Effective date: 20180515

REG Reference to a national code

Ref country code: IE

Ref legal event code: FG4D

REG Reference to a national code

Ref country code: DE

Ref legal event code: R096

Ref document number: 602008054880

Country of ref document: DE

REG Reference to a national code

Ref country code: NL

Ref legal event code: MP

Effective date: 20180418

REG Reference to a national code

Ref country code: LT

Ref legal event code: MG4D

PG25 Lapsed in a contracting state [announced via postgrant information from national office to epo]

Ref country code: NL

Free format text: LAPSE BECAUSE OF FAILURE TO SUBMIT A TRANSLATION OF THE DESCRIPTION OR TO PAY THE FEE WITHIN THE PRESCRIBED TIME-LIMIT

Effective date: 20180418

PG25 Lapsed in a contracting state [announced via postgrant information from national office to epo]

Ref country code: ES

Free format text: LAPSE BECAUSE OF FAILURE TO SUBMIT A TRANSLATION OF THE DESCRIPTION OR TO PAY THE FEE WITHIN THE PRESCRIBED TIME-LIMIT

Effective date: 20180418

Ref country code: SE

Free format text: LAPSE BECAUSE OF FAILURE TO SUBMIT A TRANSLATION OF THE DESCRIPTION OR TO PAY THE FEE WITHIN THE PRESCRIBED TIME-LIMIT

Effective date: 20180418

Ref country code: LT

Free format text: LAPSE BECAUSE OF FAILURE TO SUBMIT A TRANSLATION OF THE DESCRIPTION OR TO PAY THE FEE WITHIN THE PRESCRIBED TIME-LIMIT

Effective date: 20180418

Ref country code: PL

Free format text: LAPSE BECAUSE OF FAILURE TO SUBMIT A TRANSLATION OF THE DESCRIPTION OR TO PAY THE FEE WITHIN THE PRESCRIBED TIME-LIMIT

Effective date: 20180418

Ref country code: NO

Free format text: LAPSE BECAUSE OF FAILURE TO SUBMIT A TRANSLATION OF THE DESCRIPTION OR TO PAY THE FEE WITHIN THE PRESCRIBED TIME-LIMIT

Effective date: 20180718

Ref country code: BG

Free format text: LAPSE BECAUSE OF FAILURE TO SUBMIT A TRANSLATION OF THE DESCRIPTION OR TO PAY THE FEE WITHIN THE PRESCRIBED TIME-LIMIT

Effective date: 20180718

Ref country code: FI

Free format text: LAPSE BECAUSE OF FAILURE TO SUBMIT A TRANSLATION OF THE DESCRIPTION OR TO PAY THE FEE WITHIN THE PRESCRIBED TIME-LIMIT

Effective date: 20180418

PG25 Lapsed in a contracting state [announced via postgrant information from national office to epo]

Ref country code: GR

Free format text: LAPSE BECAUSE OF FAILURE TO SUBMIT A TRANSLATION OF THE DESCRIPTION OR TO PAY THE FEE WITHIN THE PRESCRIBED TIME-LIMIT

Effective date: 20180719

Ref country code: LV

Free format text: LAPSE BECAUSE OF FAILURE TO SUBMIT A TRANSLATION OF THE DESCRIPTION OR TO PAY THE FEE WITHIN THE PRESCRIBED TIME-LIMIT

Effective date: 20180418

Ref country code: HR

Free format text: LAPSE BECAUSE OF FAILURE TO SUBMIT A TRANSLATION OF THE DESCRIPTION OR TO PAY THE FEE WITHIN THE PRESCRIBED TIME-LIMIT

Effective date: 20180418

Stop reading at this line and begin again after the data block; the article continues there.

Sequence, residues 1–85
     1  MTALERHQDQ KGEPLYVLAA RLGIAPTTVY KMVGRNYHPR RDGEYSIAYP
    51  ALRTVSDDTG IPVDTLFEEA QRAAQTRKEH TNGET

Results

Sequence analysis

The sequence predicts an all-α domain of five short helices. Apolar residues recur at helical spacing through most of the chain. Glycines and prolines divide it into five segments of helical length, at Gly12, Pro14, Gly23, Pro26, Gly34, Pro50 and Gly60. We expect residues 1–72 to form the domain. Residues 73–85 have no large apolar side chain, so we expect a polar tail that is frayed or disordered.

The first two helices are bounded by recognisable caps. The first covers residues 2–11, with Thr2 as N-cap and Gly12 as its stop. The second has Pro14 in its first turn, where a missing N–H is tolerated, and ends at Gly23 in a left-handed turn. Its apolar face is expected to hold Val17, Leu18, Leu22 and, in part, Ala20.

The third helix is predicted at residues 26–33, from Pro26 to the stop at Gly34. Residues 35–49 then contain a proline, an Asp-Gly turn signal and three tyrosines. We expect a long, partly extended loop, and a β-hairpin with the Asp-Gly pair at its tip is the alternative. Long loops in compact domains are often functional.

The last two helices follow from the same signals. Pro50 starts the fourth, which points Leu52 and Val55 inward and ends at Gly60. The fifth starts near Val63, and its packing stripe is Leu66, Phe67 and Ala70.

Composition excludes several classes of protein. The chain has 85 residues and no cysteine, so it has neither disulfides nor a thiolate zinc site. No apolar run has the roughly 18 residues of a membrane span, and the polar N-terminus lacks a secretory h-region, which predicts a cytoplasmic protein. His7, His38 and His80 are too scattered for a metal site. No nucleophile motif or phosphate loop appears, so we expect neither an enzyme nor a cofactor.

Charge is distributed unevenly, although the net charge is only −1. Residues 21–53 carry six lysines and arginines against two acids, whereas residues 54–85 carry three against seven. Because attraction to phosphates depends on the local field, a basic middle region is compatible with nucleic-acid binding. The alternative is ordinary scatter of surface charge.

REG Reference to a national code

Ref country code: AT

Ref legal event code: MK05

Ref document number: 991597

Country of ref document: AT

Kind code of ref document: T

Effective date: 20180418

PG25 Lapsed in a contracting state [announced via postgrant information from national office to epo]

Ref country code: PT

Free format text: LAPSE BECAUSE OF FAILURE TO SUBMIT A TRANSLATION OF THE DESCRIPTION OR TO PAY THE FEE WITHIN THE PRESCRIBED TIME-LIMIT

Effective date: 20180820

REG Reference to a national code

Ref country code: DE

Ref legal event code: R097

Ref document number: 602008054880

Country of ref document: DE

PG25 Lapsed in a contracting state [announced via postgrant information from national office to epo]

Ref country code: CZ

Free format text: LAPSE BECAUSE OF FAILURE TO SUBMIT A TRANSLATION OF THE DESCRIPTION OR TO PAY THE FEE WITHIN THE PRESCRIBED TIME-LIMIT

Effective date: 20180418

Ref country code: SK

Free format text: LAPSE BECAUSE OF FAILURE TO SUBMIT A TRANSLATION OF THE DESCRIPTION OR TO PAY THE FEE WITHIN THE PRESCRIBED TIME-LIMIT

Effective date: 20180418

Ref country code: EE

Free format text: LAPSE BECAUSE OF FAILURE TO SUBMIT A TRANSLATION OF THE DESCRIPTION OR TO PAY THE FEE WITHIN THE PRESCRIBED TIME-LIMIT

Effective date: 20180418

Ref country code: DK

Free format text: LAPSE BECAUSE OF FAILURE TO SUBMIT A TRANSLATION OF THE DESCRIPTION OR TO PAY THE FEE WITHIN THE PRESCRIBED TIME-LIMIT

Effective date: 20180418

Ref country code: RO

Free format text: LAPSE BECAUSE OF FAILURE TO SUBMIT A TRANSLATION OF THE DESCRIPTION OR TO PAY THE FEE WITHIN THE PRESCRIBED TIME-LIMIT

Effective date: 20180418

Ref country code: AT

Free format text: LAPSE BECAUSE OF FAILURE TO SUBMIT A TRANSLATION OF THE DESCRIPTION OR TO PAY THE FEE WITHIN THE PRESCRIBED TIME-LIMIT

Effective date: 20180418

PG25 Lapsed in a contracting state [announced via postgrant information from national office to epo]

Ref country code: IT

Free format text: LAPSE BECAUSE OF FAILURE TO SUBMIT A TRANSLATION OF THE DESCRIPTION OR TO PAY THE FEE WITHIN THE PRESCRIBED TIME-LIMIT

Effective date: 20180418

26N No opposition filed

Effective date: 20190121

PG25 Lapsed in a contracting state [announced via postgrant information from national office to epo]

Ref country code: SI

Free format text: LAPSE BECAUSE OF FAILURE TO SUBMIT A TRANSLATION OF THE DESCRIPTION OR TO PAY THE FEE WITHIN THE PRESCRIBED TIME-LIMIT

Effective date: 20180418

REG Reference to a national code

Ref country code: DE

Ref legal event code: R119

Ref document number: 602008054880

Country of ref document: DE

PG25 Lapsed in a contracting state [announced via postgrant information from national office to epo]

Ref country code: MC

Free format text: LAPSE BECAUSE OF FAILURE TO SUBMIT A TRANSLATION OF THE DESCRIPTION OR TO PAY THE FEE WITHIN THE PRESCRIBED TIME-LIMIT

Effective date: 20180418

REG Reference to a national code

Ref country code: CH

Ref legal event code: PL

GBPC Gb: european patent ceased through non-payment of renewal fee

Effective date: 20190125

PG25 Lapsed in a contracting state [announced via postgrant information from national office to epo]

Ref country code: LU

Free format text: LAPSE BECAUSE OF NON-PAYMENT OF DUE FEES

Effective date: 20190125

REG Reference to a national code

Ref country code: BE

Ref legal event code: MM

Effective date: 20190131

REG Reference to a national code

Ref country code: IE

Ref legal event code: MM4A

PG25 Lapsed in a contracting state [announced via postgrant information from national office to epo]

Ref country code: FR

Free format text: LAPSE BECAUSE OF NON-PAYMENT OF DUE FEES

Effective date: 20190131

Ref country code: DE

Free format text: LAPSE BECAUSE OF NON-PAYMENT OF DUE FEES

Effective date: 20190801

PG25 Lapsed in a contracting state [announced via postgrant information from national office to epo]

Ref country code: BE

Free format text: LAPSE BECAUSE OF NON-PAYMENT OF DUE FEES

Effective date: 20190131

PG25 Lapsed in a contracting state [announced via postgrant information from national office to epo]

Ref country code: GB

Free format text: LAPSE BECAUSE OF NON-PAYMENT OF DUE FEES

Effective date: 20190125

Ref country code: CH

Free format text: LAPSE BECAUSE OF NON-PAYMENT OF DUE FEES

Effective date: 20190131

Ref country code: LI

Free format text: LAPSE BECAUSE OF NON-PAYMENT OF DUE FEES

Effective date: 20190131